Most analysts keep in their numbers for 2012 and 2013 a massive improvement in profitability for those companies that buy long term contracted gas from Russia and Norway. The thesis on ENI, E.On, GDF-Suez and others is simple. These companies have been losing money on their long term contracts due to an agressive take-or-pay obligation. Basically these groups, in a strive to maintain giant market share and profit from their exposure to retail, reached agreements with the major suppliers of gas in conditions that looked very attractive ONLY if gas prices rose and demand continued to soar. As such, major suppliers locked in large take-or-pay contracts with oil-price-linked formulas based on the “conservative” bet that gas demand in Europe would rise by 2-2.3% pa from 2007-2020 and that gas prices would retain their historical link to oil prices.None of those things happened, and greed turned into loss. The accumulation of market share was part of the problem (most of these companies control c60% of market share in their countries), making them very exposed to GDP and demand growth.
… And demand growth vanished. European gas demand peaked in 2007 and is c9% below that level four years later.
The other problem was the bet on oil-gas link remaining, driving spot gas prices higher as demand soared. What happened is that spot gas prices collapsed by 15%, oil prices soared and the long-term contracts were overpriced versus flexible spot levels. This meant losses that reached levels of €1-1.5bn in 2010 for some companies. These losses are expected to turn to profit by 2013 through a combination of re-negotiation of contracts (mainly with Gazprom) and improvement of demand. Errrr…. not likely.
The bet was wrong on both sides (demand and price), and is likely to get worse mid-term, as demand growth estimates in Europe are overstated given the downward GDP revisions. Furthermore, Gazprom and Russia are in active discussions to build a 30BCM per annum pipeline to China, and the Yamal LNG project (where Total and Qatar are likely to be major players) will create a new export route for Russian gas. Therefore, Gazprom’s “urgency” to renegotiate the take-or-pay contracts is diminishing by the day. And their policy is now to preserve wealth (reserves) not to maximize volumes exported to Europe. Gazprom’s decline rates (4% pa, some see 6%) don’t justify a policy of “maximizing volumes at any cost”.
Well, see below a very interesting chart sent by Citigroup updating on the weakening environment for utilities as the oil-gas spread widens.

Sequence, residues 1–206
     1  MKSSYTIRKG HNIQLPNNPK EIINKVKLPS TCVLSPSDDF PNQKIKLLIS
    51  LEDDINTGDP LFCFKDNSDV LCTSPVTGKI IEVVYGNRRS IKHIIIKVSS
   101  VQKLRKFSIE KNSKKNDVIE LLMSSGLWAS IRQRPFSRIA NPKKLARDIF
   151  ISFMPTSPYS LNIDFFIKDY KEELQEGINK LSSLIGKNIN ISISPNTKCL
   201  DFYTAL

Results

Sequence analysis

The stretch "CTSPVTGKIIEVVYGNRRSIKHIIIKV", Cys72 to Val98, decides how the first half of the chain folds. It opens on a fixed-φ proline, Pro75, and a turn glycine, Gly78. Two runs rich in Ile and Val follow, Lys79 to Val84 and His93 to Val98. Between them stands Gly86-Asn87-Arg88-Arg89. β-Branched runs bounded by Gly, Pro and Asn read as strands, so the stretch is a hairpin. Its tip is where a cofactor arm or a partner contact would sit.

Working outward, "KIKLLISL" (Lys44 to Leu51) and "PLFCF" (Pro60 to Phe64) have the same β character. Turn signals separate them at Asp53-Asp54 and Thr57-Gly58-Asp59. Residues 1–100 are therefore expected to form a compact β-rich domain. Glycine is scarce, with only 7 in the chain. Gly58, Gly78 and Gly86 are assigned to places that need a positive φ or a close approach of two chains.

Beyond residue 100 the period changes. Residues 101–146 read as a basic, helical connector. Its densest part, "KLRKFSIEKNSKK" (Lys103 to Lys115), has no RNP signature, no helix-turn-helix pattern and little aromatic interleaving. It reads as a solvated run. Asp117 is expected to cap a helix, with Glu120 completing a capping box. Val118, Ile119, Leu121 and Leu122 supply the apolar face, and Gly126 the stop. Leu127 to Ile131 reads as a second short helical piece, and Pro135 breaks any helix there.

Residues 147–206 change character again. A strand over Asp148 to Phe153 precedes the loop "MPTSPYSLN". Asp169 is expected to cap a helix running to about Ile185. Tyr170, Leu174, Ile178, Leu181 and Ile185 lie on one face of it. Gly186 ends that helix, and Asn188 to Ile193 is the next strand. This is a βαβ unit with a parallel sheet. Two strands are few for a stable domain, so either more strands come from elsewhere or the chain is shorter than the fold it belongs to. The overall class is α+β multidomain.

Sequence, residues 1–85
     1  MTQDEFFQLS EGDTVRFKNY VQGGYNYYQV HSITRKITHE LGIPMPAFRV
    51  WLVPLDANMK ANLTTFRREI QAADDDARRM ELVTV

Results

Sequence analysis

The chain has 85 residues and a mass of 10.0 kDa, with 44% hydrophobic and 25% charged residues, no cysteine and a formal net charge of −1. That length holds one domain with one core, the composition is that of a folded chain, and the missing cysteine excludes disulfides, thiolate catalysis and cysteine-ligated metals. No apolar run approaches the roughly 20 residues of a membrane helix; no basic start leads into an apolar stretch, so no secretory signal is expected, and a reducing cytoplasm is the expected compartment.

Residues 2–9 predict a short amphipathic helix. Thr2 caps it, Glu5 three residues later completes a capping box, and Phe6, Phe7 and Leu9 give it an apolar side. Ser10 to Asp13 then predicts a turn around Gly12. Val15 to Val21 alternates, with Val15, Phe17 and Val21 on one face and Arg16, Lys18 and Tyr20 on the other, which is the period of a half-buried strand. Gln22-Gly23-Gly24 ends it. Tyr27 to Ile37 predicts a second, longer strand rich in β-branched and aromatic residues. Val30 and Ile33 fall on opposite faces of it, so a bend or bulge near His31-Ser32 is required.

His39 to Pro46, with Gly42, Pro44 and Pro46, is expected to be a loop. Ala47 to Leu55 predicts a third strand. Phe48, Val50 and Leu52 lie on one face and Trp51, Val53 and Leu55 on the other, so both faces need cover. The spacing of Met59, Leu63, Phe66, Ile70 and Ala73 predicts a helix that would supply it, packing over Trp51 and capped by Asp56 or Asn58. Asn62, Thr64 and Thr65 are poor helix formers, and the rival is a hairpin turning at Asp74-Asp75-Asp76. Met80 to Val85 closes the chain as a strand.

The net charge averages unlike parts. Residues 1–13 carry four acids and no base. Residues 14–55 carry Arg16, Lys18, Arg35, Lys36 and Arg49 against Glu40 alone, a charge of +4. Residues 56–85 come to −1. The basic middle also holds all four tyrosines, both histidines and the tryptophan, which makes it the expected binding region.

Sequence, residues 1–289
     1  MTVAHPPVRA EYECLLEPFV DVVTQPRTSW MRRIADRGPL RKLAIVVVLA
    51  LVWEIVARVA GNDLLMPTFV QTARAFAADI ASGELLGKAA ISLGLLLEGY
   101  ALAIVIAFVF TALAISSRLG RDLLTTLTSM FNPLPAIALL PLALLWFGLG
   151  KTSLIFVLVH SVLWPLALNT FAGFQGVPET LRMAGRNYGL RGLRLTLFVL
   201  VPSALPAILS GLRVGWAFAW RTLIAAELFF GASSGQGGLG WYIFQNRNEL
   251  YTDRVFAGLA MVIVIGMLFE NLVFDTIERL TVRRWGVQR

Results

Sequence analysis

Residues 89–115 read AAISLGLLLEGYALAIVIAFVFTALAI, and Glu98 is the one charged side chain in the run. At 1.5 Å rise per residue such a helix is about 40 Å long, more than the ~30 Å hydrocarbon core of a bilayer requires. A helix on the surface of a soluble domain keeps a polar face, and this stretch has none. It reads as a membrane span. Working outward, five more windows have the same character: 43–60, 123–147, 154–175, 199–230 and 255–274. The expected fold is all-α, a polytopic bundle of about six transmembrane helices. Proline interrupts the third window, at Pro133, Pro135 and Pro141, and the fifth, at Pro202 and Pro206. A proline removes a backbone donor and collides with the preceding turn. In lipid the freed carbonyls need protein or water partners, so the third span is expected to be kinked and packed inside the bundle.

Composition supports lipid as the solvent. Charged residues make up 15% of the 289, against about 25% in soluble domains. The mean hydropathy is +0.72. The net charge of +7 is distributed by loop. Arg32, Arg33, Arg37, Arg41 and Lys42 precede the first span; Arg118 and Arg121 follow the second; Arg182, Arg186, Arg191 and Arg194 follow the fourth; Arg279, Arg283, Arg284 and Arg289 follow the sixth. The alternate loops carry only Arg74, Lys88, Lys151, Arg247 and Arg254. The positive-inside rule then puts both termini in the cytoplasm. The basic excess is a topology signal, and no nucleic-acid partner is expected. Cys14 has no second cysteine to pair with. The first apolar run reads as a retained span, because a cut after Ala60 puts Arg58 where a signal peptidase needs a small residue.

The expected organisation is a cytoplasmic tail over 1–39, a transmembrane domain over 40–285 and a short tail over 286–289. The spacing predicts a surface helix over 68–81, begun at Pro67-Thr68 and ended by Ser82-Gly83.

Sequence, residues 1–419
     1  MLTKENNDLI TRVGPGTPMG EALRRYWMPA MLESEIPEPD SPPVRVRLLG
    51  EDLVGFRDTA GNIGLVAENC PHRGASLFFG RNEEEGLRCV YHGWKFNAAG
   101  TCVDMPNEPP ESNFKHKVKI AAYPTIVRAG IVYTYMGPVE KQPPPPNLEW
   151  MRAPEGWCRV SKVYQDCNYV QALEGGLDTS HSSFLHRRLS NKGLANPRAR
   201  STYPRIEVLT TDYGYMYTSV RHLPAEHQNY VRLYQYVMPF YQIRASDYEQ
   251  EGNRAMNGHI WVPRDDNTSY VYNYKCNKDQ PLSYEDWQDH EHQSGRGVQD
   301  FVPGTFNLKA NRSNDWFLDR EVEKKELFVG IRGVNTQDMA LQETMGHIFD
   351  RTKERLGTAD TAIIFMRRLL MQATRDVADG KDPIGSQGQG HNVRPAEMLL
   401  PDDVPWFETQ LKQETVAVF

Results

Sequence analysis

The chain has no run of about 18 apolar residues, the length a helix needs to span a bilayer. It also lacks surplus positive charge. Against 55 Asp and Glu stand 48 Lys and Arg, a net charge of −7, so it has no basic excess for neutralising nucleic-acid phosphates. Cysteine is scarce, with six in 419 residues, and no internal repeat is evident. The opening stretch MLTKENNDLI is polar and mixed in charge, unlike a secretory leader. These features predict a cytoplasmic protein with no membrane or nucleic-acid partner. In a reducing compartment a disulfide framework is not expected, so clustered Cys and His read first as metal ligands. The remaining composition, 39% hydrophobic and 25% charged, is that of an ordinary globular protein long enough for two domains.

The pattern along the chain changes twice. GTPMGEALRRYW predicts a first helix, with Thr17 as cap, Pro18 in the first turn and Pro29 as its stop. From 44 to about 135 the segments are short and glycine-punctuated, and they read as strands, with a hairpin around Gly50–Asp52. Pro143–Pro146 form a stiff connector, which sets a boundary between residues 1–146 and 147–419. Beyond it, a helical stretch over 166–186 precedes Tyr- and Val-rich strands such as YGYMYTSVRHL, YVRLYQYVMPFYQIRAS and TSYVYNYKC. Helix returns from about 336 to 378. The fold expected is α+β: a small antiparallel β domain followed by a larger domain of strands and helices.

According to Citi “the spread is now back up to €7/MWh as you can see from the attached chart mostly driven from the appreciation of the US$ on which the oil basket that drives long-term gas prices is based. Midstream gas players should now be nearly 100% locked in through October 2012 and ~50% locked in through October 2013 at what they estimate to be a ~€5-5.5/MWh spread. So any incremental volumes sold from now on would actually be at a higher cost given today’s prices, exacerbating loss-making positions”.
The issue, as highlighted above, comes mainly for the giant market-share owners. European demand is unlikely to recover to 2007 levels until 2015, the flexibility of LNG and Asian demand is keeping the gas market in better conditions, but still oversupplied, and the strategic decision of revising take-or-pays goes radically against the political role of these giant companies as “security of supply” providers.
Expect earnings revisions to go…down.
Consensus expects a return to profitability from demand recovery and re-negotiation of contracts generating an uplift in EBITDA of between €1.5bn and €2bn. However, with Italian gas demand down by 4% in 9M 11 and new gas volumes coming from Libya (16mcm/day, or 1.5bcm in 2012 due to the opening of Greenstream) prices are falling further while ENI may be required to assume some Russian take-or-pay obligations, equivalent to an additional 2 bcm in 2012e, unless we see a favorable outcome from renegotiation with Gazprom on both flexibility and price, something that seems unlikely.
Consensus expecting gas midstream business to come back to profit in 2013 with approximately 50/60% contracts renegotiated by end of 2012 Bull case: +€1bn in Ebitda 2012 and +€2bn Ebitda 2013. In a no-renegotiation bear case -€850m in Ebitda 2012 and -€1.7bn in Ebitda 2013
Concerning GDF-Suez, new negotiations are starting now on contractual clauses (renegotiation every 3 years). Normalization is expected by 2013 with still a wide range in the consensus: (+€1bn – +€2bn) €1bn delta on 2012e Ebitda of Gas division from one broker to another.